Furthermore, punishment devised for the activists led directly to the installation of twenty-three-hour isolation cells called “Control Units.” Even within conditions of solitary confinement activist prisoners compiled records of abuse in the prison, presented their research to the United Nations, and—with the legal aid of the People’s Law Office (see below)—they launched a class action law suit against the prison alleging “cruel and unusual punishment, the denial of access to courts, the denial of procedural standard for prisoners placed in solitary confinement,and the denial of constitutional rights of freedom of religion and freedom of speech in the mails.” [2]

In 1983, after Marion went into permanent lock-down, the prison transitioned to become the first level-six (the highest security level) federal “supermax” prison. [3] The “mean little house” was a place of total, permanent isolation, a system for complete control of both the bodies and minds of inmates. Across the country, other prisons adopted the “supermax” model first developed at Marion. [4]

Today, across the United States, more than 80,000 people are held in isolation cells, and at least 25,000 are held in long-term solitary confinement in prisons with supermax facilities. [5]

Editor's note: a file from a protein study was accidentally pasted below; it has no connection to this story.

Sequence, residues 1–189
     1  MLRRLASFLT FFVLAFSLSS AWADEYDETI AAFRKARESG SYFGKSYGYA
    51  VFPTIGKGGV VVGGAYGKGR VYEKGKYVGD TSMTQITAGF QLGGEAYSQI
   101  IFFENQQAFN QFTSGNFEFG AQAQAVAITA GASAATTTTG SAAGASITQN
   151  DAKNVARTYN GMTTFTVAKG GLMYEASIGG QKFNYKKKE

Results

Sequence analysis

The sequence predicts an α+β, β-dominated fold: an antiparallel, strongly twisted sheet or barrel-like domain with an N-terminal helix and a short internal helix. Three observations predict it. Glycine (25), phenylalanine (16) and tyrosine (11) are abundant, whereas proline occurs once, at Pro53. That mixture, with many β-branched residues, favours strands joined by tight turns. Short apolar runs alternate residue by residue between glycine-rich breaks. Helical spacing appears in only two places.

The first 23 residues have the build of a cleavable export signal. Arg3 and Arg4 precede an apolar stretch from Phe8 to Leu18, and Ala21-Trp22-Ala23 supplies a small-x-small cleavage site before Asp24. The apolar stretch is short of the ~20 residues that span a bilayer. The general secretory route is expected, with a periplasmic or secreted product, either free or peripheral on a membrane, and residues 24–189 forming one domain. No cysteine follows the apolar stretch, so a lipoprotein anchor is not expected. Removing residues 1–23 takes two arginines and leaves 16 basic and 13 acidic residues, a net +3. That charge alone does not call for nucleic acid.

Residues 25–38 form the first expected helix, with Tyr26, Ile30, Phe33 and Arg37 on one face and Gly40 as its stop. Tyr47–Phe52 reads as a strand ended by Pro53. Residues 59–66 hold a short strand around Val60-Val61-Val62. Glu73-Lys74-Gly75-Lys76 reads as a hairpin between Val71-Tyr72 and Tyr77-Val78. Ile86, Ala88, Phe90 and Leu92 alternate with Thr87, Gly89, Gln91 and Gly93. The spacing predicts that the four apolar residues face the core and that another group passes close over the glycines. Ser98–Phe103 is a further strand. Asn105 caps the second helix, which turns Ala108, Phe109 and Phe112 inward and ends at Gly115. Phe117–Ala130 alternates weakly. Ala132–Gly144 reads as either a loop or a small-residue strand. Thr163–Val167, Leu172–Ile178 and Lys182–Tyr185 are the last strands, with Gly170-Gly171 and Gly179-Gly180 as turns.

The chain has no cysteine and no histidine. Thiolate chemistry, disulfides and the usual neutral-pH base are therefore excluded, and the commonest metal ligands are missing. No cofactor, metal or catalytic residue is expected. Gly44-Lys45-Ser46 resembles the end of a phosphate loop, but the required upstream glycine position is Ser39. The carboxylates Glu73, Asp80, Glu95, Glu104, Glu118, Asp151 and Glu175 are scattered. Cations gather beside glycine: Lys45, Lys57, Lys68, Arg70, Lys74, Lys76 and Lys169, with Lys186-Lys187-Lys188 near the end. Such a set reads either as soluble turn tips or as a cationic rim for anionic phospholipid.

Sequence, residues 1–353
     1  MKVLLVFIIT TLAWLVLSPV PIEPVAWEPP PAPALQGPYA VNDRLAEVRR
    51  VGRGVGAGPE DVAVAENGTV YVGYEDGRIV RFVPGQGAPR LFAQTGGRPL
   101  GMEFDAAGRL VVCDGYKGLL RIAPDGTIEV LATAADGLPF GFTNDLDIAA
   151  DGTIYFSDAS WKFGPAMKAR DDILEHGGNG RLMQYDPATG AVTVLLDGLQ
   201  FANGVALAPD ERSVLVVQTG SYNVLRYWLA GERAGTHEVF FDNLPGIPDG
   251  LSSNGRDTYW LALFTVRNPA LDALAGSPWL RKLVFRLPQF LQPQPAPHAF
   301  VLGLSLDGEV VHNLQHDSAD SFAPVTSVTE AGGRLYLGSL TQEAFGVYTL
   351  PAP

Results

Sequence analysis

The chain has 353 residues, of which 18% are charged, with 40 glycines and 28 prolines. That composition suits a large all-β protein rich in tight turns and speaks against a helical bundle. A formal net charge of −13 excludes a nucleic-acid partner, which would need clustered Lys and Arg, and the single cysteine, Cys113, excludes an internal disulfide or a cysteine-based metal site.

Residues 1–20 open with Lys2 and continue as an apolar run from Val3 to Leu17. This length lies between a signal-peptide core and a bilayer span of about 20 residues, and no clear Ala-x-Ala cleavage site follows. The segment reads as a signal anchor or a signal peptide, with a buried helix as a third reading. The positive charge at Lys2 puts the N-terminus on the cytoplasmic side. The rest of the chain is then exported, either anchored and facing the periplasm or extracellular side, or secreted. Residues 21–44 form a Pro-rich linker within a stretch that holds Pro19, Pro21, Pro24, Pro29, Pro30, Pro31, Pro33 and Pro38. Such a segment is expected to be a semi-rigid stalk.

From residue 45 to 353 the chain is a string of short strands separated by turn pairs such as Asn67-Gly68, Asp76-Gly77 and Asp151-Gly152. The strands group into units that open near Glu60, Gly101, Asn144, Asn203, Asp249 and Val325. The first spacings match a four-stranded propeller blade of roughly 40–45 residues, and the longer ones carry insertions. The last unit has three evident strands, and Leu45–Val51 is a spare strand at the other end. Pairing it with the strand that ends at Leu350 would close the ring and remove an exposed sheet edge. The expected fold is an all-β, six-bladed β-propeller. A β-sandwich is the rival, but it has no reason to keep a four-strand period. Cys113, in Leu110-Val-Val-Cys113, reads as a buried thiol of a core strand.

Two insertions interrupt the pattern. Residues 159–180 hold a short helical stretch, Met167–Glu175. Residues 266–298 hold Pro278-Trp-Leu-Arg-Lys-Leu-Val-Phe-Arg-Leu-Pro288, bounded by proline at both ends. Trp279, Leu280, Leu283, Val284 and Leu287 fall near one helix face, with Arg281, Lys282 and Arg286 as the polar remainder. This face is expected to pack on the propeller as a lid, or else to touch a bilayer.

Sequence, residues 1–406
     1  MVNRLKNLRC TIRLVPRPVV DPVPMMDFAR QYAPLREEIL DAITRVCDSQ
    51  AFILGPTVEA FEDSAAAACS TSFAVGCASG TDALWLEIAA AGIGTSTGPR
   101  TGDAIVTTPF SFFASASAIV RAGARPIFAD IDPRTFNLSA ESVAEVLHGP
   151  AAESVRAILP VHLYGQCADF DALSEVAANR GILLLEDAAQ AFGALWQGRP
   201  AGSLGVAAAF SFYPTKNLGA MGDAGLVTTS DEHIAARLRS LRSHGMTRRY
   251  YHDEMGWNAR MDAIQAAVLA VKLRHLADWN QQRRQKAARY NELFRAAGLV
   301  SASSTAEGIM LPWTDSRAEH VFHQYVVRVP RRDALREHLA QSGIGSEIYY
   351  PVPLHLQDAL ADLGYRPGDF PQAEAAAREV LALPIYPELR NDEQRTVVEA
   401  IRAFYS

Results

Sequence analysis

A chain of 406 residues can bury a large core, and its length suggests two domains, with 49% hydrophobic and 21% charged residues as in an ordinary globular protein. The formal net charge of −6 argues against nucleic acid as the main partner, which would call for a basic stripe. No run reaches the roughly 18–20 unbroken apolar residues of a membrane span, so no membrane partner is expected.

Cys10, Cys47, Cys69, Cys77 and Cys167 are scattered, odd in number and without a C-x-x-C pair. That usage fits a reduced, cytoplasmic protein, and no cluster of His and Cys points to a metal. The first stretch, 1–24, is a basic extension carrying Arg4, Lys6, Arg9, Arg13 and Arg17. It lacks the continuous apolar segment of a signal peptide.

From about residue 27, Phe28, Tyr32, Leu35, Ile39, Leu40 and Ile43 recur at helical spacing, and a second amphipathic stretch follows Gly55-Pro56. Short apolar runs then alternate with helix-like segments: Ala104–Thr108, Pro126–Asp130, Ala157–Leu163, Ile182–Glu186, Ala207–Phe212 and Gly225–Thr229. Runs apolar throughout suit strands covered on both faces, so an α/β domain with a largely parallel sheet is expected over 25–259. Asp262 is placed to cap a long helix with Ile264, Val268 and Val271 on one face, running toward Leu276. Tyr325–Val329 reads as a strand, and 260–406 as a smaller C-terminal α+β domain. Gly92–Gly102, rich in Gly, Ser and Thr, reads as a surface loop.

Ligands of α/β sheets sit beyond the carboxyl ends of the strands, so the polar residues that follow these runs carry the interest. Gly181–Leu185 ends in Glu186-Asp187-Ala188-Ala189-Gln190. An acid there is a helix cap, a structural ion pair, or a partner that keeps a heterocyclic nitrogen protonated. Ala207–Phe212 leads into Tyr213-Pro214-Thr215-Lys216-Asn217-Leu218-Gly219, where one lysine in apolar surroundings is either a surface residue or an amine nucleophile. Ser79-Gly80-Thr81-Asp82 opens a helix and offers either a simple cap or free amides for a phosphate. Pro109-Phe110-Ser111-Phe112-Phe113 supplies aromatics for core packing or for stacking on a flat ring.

A Legacy of Racism and Wrongful Convictions

In 1978, four black men—Kenneth Adams, Willie Rainge, Dennis Williams, and Verneal Jimerson—were arrested for the rape and murder of a newly-engaged white couple from outside of Chicago. The men pleaded not guilty, each claiming mistaken identity. The prosecutors, however, manipulated the jury selection process, resulting in an unsympathetic, all-white jury. Williams and Jimerson were sentenced to death, and Adams and Rainge received sentences equal to a life in prison. [6]

In 1996, new evidence surfaced, including a witness recantation and a confession, which identified four different offenders from the “Ford Heights Four” who were convicted; DNA evidence confirmed this. The four original defendants were freed and $36 million distributed among them. [7] Although the case famously awarded the largest civil rights payment in United States history, Illinois’s legacy is tainted by the revelations of Adams et. al. v. Venick.